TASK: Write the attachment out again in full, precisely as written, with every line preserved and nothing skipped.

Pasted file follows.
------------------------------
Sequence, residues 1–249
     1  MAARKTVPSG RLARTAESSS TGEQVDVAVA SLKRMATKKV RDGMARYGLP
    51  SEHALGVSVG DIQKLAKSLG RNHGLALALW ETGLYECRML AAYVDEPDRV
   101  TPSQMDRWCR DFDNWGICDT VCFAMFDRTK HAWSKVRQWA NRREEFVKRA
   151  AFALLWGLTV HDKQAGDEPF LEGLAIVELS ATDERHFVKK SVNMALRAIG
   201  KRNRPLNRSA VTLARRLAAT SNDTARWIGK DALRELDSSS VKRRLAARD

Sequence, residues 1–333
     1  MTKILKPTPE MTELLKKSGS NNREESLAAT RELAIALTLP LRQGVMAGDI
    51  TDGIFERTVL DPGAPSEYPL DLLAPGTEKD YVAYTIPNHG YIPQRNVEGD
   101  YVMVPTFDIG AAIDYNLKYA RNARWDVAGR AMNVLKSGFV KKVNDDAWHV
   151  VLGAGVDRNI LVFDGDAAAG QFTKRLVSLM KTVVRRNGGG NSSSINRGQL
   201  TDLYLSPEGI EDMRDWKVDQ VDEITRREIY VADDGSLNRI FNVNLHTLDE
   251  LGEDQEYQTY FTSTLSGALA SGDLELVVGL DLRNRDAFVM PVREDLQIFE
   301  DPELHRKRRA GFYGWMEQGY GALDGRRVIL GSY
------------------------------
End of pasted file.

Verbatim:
Sequence, residues 1–249
     1  MAARKTVPSG RLARTAESSS TGEQVDVAVA SLKRMATKKV RDGMARYGLP
    51  SEHALGVSVG DIQKLAKSLG RNHGLALALW ETGLYECRML AAYVDEPDRV
   101  TPSQMDRWCR DFDNWGICDT VCFAMFDRTK HAWSKVRQWA NRREEFVKRA
   151  AFALLWGLTV HDKQAGDEPF LEGLAIVELS ATDERHFVKK SVNMALRAIG
   201  KRNRPLNRSA VTLARRLAAT SNDTARWIGK DALRELDSSS VKRRLAARD

Sequence, residues 1–333
     1  MTKILKPTPE MTELLKKSGS NNREESLAAT RELAIALTLP LRQGVMAGDI
    51  TDGIFERTVL DPGAPSEYPL DLLAPGTEKD YVAYTIPNHG YIPQRNVEGD
   101  YVMVPTFDIG AAIDYNLKYA RNARWDVAGR AMNVLKSGFV KKVNDDAWHV
   151  VLGAGVDRNI LVFDGDAAAG QFTKRLVSLM KTVVRRNGGG NSSSINRGQL
   201  TDLYLSPEGI EDMRDWKVDQ VDEITRREIY VADDGSLNRI FNVNLHTLDE
   251  LGEDQEYQTY FTSTLSGALA SGDLELVVGL DLRNRDAFVM PVREDLQIFE
   301  DPELHRKRRA GFYGWMEQGY GALDGRRVIL GSY